Exploring Elements of Fun to Motivate Youth to do Cognitive Bias Modification.
Objective: Heavy drinking among young adults poses severe health risks, including development of later addiction problems. Cognitive retraining of automatic appetitive processes related to alcohol (so-called cognitive bias modification [CBM]) may help to prevent escalation of use. Although effective as a treatment in clinical patients, the use of CBM in youth proves more difficult, as motivation in this group is typically low, and the paradigms used are often viewed as boring and tedious. This article presents two separate studies that focused on three approaches that may enhance user experience and motivation to train: a serious game, a serious game in a social networking context, and a mobile application. Materials and Methods: In the Game Study, 77 participants performed a regular CBM training, aimed at response matching, a gamified version, or a placebo version of that training. The gamified version was presented as a stand-alone game or in the context of a social network. In the Mobile Study, 64 participants completed a different CBM training, aimed at approach bias, either on a computer or on their mobile device. Results: Although no training effects were found in the Game Study, adding (social) game elements did increase aspects of the user experience and motivation to train. The mobile training appeared to increase motivation to train in terms how often participants trained, but this effect disappeared after controlling for baseline motivation to train. Conclusions: Adding (social) game elements can increase motivation to train, and mobile training did not underperform compared with the regular training in this sample, which warrants more research into motivational elements for CBM training in younger audiences.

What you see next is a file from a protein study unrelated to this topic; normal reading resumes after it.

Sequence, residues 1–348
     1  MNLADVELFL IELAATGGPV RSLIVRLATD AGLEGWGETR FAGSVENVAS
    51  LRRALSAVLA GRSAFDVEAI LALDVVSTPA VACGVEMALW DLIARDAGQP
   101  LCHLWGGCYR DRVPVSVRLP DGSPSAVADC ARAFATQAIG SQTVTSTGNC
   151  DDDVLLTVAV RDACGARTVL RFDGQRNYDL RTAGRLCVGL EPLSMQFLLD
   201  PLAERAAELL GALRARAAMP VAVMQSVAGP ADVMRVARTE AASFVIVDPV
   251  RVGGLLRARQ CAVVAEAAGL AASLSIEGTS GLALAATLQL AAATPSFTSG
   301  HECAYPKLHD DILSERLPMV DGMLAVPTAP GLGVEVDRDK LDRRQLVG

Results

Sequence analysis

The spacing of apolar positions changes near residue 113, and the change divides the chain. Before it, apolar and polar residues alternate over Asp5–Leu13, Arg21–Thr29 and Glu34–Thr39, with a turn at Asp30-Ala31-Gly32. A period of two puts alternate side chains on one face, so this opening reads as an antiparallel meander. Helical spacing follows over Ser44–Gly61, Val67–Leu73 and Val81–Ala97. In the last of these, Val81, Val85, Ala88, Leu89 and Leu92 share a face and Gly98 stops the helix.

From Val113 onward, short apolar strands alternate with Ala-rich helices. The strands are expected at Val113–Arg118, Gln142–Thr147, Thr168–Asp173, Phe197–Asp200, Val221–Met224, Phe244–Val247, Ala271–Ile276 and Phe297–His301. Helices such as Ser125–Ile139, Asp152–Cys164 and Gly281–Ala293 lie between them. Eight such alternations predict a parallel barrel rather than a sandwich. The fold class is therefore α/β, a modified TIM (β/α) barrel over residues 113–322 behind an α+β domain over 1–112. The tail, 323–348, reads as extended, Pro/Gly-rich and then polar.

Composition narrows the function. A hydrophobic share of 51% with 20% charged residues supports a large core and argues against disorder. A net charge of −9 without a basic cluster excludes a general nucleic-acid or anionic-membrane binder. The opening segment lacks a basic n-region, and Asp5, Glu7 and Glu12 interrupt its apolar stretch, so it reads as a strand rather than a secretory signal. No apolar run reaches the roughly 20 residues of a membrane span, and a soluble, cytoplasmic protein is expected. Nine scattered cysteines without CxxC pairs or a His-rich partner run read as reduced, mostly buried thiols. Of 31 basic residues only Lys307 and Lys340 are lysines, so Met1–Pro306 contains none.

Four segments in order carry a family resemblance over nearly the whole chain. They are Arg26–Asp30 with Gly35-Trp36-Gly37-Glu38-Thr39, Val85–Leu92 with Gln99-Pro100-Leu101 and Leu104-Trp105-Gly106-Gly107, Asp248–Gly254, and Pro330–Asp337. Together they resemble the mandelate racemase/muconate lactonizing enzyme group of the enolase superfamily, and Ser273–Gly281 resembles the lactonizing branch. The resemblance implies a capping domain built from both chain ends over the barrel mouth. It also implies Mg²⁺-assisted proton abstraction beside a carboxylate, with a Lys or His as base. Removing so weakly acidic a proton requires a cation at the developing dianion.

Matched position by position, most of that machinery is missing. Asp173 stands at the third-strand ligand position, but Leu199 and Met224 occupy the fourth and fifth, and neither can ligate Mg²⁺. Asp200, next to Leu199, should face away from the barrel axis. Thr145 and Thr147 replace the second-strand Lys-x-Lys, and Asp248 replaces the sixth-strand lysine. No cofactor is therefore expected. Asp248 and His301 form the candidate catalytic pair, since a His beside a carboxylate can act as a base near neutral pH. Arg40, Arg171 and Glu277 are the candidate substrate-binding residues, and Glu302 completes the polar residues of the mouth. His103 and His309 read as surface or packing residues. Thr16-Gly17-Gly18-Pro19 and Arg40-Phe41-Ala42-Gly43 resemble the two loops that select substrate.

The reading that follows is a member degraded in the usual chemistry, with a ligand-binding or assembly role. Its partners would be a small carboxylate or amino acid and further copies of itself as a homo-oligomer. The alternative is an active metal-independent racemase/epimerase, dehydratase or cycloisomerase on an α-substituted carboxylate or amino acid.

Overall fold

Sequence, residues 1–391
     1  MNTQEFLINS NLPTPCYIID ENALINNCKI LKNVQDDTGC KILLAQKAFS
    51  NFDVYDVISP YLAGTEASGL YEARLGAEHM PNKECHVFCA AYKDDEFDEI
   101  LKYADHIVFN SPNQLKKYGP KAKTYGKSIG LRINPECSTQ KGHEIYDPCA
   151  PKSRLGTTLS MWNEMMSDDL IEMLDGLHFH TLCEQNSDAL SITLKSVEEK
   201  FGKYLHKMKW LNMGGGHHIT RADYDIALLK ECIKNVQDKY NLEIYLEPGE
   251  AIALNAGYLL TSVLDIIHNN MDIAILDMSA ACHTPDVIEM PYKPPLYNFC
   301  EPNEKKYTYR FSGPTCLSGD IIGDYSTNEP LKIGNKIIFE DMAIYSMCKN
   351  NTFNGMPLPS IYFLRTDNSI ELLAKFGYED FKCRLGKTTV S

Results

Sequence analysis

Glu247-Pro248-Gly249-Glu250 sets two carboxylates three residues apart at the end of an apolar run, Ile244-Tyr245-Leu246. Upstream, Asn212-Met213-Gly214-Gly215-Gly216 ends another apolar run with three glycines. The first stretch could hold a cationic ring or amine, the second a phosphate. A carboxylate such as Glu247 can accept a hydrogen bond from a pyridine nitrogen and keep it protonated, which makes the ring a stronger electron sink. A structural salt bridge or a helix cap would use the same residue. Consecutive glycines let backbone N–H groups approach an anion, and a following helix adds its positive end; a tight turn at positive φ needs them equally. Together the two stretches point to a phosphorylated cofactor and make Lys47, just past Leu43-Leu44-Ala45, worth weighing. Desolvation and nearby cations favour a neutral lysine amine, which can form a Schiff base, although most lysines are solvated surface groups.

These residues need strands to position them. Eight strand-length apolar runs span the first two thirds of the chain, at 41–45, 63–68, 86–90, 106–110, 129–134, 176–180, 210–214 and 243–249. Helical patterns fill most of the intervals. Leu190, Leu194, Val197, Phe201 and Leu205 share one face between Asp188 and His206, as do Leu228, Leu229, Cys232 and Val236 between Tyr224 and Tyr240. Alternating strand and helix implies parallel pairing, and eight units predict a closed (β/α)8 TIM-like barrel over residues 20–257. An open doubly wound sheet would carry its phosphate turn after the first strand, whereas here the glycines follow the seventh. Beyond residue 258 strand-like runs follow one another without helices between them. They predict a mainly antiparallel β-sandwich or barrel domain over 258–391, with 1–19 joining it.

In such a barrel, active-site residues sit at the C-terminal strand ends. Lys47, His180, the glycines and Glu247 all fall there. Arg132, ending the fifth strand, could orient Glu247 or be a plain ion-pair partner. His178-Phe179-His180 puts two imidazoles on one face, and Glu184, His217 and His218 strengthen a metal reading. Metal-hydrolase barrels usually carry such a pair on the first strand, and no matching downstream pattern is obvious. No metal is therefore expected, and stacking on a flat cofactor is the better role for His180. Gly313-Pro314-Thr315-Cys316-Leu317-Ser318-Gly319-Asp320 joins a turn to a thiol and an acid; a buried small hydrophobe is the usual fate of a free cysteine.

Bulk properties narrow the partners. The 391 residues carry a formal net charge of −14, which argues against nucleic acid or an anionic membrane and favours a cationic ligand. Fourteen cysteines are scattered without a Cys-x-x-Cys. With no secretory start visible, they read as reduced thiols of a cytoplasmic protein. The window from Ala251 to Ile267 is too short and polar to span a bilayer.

|Persistent URL||dx.doi.org/10.1089/g4h.2015.0053, hdl.handle.net/1765/122100|
|Journal||Games for Health Journal|
Boendermaker, W.J., Boffo, M., & Wiers, R.W. (2015). Exploring Elements of Fun to Motivate Youth to do Cognitive Bias Modification. Games for Health Journal, 4(6). doi:10.1089/g4h.2015.0053